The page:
c.) He didn’t stop sprinting when the running back took the ball.

d.) He usually stops on runs to either stand around (Randy Moss) or block someone (most other receivers)

If these four conditions are met, someone should probably put a body on said receiver and let those linebackers take care of the run up the middle. Is it that easy? Of course not, but it sure seems that way to the fans and coaches who sigh when the receiver finds himself wide open after the terrible fake.

3.) The obvious response to the second situation is that it’s too late to catch the receiver with 4.4 speed who just blew past you. Luckily, unless the quarterback on the other team is named Drew Brees or Tom Brady, the defender has a third chance to break up the play. As a general rule, every single flea flicker is underthrown. Every single one. And no wonder: by the time the quarterback receives the snap, hands-off to the running back, and catches the pitchback, that receiver is pretty far downfield. Unless you happen to be able to throw the ball to a receiver in stride from sixty yards away like me, Drew, or Tom, that defender should be able to break the pass up.

Three chances the defender has to break the flea flicker up and he must fail all three for the play to succeed. Not what I’d call a recipe for a trick play that would endure forty-plus years after its invention.


Of course this post is related to today’s Pinstripe Bowl between Kansas State and Syracuse. If it didn’t, you’d have just wasted five minutes reading some idiot ramble on about the flea flicker.

Here’s the situation: Down 7-0 late in the first quarter and unable to get much offense going, Syracuse calls for a flea flicker. It works* and the Syracuse receiver catches the ball in stride for a 52-yard touchdown catch. Here’s the play:

* Good thing it worked, otherwise this would have been a much shorter post.

Syracuse scores to awaken their stagnant offense and tie up the game 7-7 en route to a 36-34 victory.* Now here’s the thing that really inspired this post. Not only did the flea flicker work perfectly, but BOTH receivers that went deep on the play were wide open. Kansas State had not one, but two, defenders failed on each of the two opportunities (I’ll be generous, since it was a beautifully thrown ball, although the flailing arm defense looked ridiculous) to stop the “trick play” that has been in every team’s playbook for fifty years.** I’m not a Kansas State fan, but since I picked them to win, I went through the stages of grief in a similar fashion. My first reaction was the “I can’t believe that just worked” sigh. My second was the “How do you let that happen?” anger towards both the coaches and players. Now I’m just bitter and probably will remain so until Nebraska wins tonight.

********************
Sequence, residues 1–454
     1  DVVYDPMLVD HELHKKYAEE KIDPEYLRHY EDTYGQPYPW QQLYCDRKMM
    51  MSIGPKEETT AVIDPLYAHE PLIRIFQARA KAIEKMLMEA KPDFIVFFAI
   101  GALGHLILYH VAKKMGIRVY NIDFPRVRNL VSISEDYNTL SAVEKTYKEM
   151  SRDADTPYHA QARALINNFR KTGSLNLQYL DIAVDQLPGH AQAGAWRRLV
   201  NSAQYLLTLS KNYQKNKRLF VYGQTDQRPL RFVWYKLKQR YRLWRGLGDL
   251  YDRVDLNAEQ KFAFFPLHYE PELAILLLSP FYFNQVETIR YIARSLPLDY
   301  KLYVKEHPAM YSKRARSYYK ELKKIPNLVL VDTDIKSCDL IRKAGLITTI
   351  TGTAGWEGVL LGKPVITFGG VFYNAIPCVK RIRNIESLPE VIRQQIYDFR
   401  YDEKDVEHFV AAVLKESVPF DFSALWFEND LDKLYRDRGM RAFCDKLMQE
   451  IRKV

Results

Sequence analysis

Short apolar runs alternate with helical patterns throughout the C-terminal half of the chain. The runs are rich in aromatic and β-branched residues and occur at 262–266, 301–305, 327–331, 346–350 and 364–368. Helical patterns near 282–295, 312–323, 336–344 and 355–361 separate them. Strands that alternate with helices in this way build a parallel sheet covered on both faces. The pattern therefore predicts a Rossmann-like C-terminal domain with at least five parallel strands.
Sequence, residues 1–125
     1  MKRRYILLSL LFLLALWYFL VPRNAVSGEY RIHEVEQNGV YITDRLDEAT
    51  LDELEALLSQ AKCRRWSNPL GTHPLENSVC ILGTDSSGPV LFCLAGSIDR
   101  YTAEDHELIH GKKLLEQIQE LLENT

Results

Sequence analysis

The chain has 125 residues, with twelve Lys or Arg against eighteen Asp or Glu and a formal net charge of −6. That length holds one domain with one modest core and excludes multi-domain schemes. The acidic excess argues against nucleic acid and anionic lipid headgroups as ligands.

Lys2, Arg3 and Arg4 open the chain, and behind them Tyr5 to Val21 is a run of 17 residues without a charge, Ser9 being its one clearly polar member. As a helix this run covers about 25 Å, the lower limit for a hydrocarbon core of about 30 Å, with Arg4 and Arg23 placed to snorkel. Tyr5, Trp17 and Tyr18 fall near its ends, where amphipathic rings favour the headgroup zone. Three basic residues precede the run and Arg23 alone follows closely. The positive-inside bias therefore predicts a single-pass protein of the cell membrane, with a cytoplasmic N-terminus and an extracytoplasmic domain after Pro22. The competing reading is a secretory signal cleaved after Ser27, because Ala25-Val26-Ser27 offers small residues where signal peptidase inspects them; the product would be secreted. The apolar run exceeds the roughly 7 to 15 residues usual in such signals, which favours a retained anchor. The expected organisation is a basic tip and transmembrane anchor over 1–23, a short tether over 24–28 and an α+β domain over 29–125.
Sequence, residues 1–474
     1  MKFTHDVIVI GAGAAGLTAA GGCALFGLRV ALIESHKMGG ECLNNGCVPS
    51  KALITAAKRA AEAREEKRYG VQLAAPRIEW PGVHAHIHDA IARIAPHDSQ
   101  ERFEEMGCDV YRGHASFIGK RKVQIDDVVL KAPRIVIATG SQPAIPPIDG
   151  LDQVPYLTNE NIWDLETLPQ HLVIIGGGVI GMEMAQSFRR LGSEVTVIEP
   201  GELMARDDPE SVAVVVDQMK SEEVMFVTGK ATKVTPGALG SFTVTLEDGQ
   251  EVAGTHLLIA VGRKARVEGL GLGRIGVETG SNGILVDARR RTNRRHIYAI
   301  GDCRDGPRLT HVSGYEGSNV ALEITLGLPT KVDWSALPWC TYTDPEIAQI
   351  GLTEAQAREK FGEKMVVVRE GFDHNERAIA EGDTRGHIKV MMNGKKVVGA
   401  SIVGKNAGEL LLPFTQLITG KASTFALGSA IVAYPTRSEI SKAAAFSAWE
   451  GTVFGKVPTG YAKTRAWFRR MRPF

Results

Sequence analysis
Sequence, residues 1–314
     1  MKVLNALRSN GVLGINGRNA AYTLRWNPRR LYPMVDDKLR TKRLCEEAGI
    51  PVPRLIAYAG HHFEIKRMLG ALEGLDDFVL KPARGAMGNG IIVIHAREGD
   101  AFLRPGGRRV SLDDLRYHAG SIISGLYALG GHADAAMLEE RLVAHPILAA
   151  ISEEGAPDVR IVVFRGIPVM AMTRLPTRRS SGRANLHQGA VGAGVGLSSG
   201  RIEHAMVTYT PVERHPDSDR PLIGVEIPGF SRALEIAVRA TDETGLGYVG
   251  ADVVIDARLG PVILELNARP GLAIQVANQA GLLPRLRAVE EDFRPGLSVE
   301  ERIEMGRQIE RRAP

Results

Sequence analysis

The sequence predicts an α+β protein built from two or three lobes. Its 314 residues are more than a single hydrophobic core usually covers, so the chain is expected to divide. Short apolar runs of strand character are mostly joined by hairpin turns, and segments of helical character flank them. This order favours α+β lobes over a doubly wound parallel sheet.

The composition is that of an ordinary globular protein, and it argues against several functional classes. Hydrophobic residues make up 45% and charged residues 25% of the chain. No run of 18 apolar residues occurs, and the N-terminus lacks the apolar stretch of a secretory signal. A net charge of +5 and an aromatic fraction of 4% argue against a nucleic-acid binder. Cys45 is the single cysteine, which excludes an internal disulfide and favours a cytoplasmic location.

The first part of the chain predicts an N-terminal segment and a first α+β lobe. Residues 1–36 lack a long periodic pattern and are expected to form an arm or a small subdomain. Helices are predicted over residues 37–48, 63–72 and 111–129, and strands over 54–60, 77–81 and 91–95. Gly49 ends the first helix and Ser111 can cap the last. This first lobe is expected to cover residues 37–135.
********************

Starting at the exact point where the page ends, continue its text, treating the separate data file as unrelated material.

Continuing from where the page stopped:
* Is there a more uplifting play for an offense or a more demoralizing play for a defense? Aside from special team plays, I’d argue no. The defender knows that he just looked like an idiot on TV and will be on the SportsCenter Top Ten that night receiving the football equivalent of the dunk facial. On the other side, no play gives the offense confidence like a flea flicker. The quarterback’s gotta be thinking: “I can’t believe that terrible play worked. I wonder what else will work? This defense is now my bitch.”  In this instance, that play set the tone for the game. I predicted Syracuse’s offense would struggle to score despite Kansas State’s suspect defense. The game began innocently enough – Syracuse failed to score on their first two drives. Then the flea flicker happens. Syracuse scores on five of their next seven drives to put up their highest point output against an FBS opponent since September of the 2009 season.

** I don’t have the video, but late in the fourth quarter Kansas State pulled a flea flicker of their own. Of course that too worked, because neither one of those teams had anything resembling a smart defense. This one was drastically underthrown by the KSU quarterback, so I’m double-counting step 3 to give the Syracuse defense four misses on that play. And kudos to KSU for pulling that one out of the bag so late in the game – not like you’d want to use it early in the game to gain any momentum or anything. Well done.